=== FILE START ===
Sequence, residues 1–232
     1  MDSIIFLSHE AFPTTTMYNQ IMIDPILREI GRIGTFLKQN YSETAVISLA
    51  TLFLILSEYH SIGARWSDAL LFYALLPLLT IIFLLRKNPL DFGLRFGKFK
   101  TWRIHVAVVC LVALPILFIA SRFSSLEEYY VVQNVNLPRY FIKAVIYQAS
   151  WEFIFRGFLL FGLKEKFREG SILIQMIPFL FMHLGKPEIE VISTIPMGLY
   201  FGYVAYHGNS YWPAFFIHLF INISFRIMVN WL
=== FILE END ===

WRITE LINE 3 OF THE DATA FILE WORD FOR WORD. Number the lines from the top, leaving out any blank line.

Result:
    51  TLFLILSEYH SIGARWSDAL LFYALLPLLT IIFLLRKNPL DFGLRFGKFK